Welcome to Photo Finds, a feature where we point you to some of the best photography around the web.
When I picked wedding and portrait photographer Michael Cali as the person I wanted to talk about in today’s Photo Finds feature, I didn’t remember right away that he and last week’s Photo Finds photographer, Brad Moore, had something pretty significant in common. Both Brad and Michael have served as assistants to one of the most amazing photographers alive today, Joe McNally. Brad is his former assistant (he works for Scott Kelby now) and Mike is Joe’s current assistant.
I first came across Cali’s (apparently, everyone calls him that) work via Zack Arias’ blog, where he mentioned that Cali had been shooting with the Fuji X-Pro1 lately. So I followed the link to Cali’s blog and ended up spending a good hour there, just going through his images.
So here’s something interesting to note about Michael Cali. The Fuji X-Pro1 notwithstanding, one cool thing to know about Michael is that he’s a film shooter.
Yep, that’s right. The assistant to Joe McNally, who shot National Geographic’s first digital cover, who was among the elite that got to work with Nikon’s D4 before its release, that photographer’s assistant is primarily a film shooter.
The thing is, to peg him as a “film shooter” is to sell him grotesquely short.
Michael Cali is a photographer – and he’s a damned good one. Film happens to be his medium of choice, but if you look at his images with the X-Pro1, you’ll quickly see that his photography transcends a particular medium. He’s not a good shooter because he shoots film. He’s a good photographer because the man knows how to shoot.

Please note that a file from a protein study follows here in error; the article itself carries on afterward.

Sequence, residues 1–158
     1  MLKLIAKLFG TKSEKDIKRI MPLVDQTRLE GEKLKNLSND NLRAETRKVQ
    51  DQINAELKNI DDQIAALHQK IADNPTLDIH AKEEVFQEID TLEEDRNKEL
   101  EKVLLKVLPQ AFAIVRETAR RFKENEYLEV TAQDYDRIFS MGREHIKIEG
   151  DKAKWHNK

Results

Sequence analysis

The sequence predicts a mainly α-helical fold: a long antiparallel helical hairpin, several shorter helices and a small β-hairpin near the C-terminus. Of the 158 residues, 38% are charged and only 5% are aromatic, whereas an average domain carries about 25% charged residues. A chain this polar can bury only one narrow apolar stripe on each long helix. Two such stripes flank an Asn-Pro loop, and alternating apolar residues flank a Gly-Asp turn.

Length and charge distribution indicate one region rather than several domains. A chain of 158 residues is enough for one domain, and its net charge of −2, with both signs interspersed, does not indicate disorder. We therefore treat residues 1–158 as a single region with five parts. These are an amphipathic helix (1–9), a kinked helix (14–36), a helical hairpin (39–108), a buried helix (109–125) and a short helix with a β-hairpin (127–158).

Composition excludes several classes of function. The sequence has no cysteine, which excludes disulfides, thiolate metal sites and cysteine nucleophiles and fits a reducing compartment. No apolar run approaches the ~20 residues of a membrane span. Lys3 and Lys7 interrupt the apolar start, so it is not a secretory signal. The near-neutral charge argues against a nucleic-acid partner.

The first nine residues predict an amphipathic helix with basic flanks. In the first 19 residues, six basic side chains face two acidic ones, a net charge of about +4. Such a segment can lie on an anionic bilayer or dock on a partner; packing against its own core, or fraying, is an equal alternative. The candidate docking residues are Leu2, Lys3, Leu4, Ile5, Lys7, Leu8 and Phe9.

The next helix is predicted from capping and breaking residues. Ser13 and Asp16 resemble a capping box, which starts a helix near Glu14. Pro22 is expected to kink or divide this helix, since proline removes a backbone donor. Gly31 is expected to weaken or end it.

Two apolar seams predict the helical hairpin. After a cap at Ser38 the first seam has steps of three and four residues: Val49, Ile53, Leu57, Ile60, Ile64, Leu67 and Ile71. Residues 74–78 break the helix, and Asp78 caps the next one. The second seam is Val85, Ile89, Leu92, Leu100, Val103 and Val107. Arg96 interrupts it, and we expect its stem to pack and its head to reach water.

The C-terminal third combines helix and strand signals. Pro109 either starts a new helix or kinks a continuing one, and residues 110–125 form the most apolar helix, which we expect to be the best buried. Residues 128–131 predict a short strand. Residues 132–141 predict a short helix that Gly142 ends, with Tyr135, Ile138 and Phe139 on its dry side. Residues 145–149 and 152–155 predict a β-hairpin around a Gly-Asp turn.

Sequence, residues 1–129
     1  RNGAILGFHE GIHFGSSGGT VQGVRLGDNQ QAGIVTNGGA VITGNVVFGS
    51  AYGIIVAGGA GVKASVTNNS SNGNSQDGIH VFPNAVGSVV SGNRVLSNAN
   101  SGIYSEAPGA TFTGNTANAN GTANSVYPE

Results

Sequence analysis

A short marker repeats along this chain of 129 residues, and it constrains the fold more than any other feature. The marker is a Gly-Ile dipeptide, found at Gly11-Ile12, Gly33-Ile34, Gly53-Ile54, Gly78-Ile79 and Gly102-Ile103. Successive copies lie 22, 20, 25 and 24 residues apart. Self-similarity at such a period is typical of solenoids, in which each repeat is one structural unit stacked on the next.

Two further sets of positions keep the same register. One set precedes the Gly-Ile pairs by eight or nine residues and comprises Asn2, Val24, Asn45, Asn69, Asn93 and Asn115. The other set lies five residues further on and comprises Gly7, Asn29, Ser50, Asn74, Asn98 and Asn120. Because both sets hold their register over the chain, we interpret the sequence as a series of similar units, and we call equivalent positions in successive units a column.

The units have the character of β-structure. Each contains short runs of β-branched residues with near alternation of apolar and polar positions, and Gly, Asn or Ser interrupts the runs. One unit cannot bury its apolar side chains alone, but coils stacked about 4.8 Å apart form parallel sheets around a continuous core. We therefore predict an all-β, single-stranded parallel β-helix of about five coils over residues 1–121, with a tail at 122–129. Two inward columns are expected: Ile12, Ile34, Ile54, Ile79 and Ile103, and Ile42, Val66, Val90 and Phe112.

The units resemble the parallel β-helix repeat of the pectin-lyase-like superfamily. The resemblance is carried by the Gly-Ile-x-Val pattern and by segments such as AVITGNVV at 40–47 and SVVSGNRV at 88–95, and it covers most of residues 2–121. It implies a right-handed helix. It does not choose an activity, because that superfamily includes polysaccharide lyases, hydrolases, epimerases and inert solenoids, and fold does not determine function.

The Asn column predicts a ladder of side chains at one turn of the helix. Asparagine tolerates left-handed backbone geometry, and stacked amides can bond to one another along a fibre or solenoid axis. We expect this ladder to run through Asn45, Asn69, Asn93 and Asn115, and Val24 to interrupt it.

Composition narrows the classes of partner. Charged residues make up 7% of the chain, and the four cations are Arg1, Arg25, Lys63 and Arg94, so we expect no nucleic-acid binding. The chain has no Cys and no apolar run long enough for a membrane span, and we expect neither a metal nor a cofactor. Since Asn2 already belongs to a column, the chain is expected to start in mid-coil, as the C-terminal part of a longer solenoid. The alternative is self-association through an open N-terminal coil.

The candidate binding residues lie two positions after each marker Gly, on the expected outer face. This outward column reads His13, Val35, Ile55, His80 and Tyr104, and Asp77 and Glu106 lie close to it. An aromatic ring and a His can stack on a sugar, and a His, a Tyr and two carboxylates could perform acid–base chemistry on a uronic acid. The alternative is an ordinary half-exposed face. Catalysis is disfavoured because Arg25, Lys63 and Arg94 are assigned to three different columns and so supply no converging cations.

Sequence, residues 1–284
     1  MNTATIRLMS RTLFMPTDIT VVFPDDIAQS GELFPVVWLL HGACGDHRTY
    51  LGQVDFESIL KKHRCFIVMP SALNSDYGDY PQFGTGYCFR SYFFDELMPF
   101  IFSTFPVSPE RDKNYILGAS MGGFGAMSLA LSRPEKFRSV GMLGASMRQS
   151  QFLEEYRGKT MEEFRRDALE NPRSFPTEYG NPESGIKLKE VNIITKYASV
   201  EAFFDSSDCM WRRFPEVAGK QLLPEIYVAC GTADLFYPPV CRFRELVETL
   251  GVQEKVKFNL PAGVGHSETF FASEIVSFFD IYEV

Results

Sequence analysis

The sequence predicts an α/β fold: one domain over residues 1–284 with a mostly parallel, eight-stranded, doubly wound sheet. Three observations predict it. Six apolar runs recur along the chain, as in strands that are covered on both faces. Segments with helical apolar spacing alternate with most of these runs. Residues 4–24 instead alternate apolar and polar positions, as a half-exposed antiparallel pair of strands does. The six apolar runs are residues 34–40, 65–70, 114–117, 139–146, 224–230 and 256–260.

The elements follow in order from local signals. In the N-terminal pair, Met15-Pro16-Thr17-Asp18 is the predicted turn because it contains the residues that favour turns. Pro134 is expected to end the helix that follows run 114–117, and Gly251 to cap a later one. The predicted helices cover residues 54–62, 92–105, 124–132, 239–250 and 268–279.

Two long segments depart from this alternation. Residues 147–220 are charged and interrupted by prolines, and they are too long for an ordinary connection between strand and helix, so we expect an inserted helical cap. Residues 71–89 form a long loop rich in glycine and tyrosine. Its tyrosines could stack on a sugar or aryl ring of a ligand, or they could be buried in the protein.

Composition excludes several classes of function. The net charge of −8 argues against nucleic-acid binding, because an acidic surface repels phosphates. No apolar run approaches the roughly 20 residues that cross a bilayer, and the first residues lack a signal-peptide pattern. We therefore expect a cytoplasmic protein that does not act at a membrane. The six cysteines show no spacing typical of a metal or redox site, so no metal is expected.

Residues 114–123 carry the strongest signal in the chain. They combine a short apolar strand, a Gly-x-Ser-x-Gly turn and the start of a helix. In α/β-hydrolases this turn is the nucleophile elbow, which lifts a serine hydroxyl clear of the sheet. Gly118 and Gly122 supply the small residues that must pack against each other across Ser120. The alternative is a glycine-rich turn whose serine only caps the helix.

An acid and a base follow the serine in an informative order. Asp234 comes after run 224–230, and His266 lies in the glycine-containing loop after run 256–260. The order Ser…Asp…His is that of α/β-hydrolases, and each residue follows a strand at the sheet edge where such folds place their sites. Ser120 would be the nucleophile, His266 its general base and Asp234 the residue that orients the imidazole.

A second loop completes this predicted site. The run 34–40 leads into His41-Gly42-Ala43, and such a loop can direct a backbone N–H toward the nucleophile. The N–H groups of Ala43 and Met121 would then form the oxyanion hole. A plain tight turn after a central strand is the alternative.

Cali’s images are warm, rich, and lush. Whether it’s with a Rolleiflex or a Hasselblad or an X-Pro1, he tends to create these ridiculously engrossing photographs that you can kind of sink into for a while. His series on the Montague Bookmill, for example, are downright immersive. You have this absurd desire to go find something similar in your neighborhood that you can lose yourself in when you see them.
That, I think, is what makes Cali’s images so cool. In practically every image, he manages to evoke emotion. Nostalgia, charm, and elegance are common themes throughout his photos, and you can’t help but go along for the ride with him.
Cali’s work seems to be getting closer and closer to a definable visual style. I don’t mean that he’s becoming predictable, or that he’s repeating the same old, same old visual cues. Rather, the aforementioned themes – nostalgia, charm, elegance – are coming together to create a “sense” that is uniquely his.
Even more importantly, he’s consistent. Looking through his images, I never experienced a jarring moment where I came across a photo and went, “Um, what the heck? This looks like someone else shot it.”
That’s kind of important – more than I can say, really. It’s something I’m still struggling with, and it’s really something cool to see another photographer growing into.
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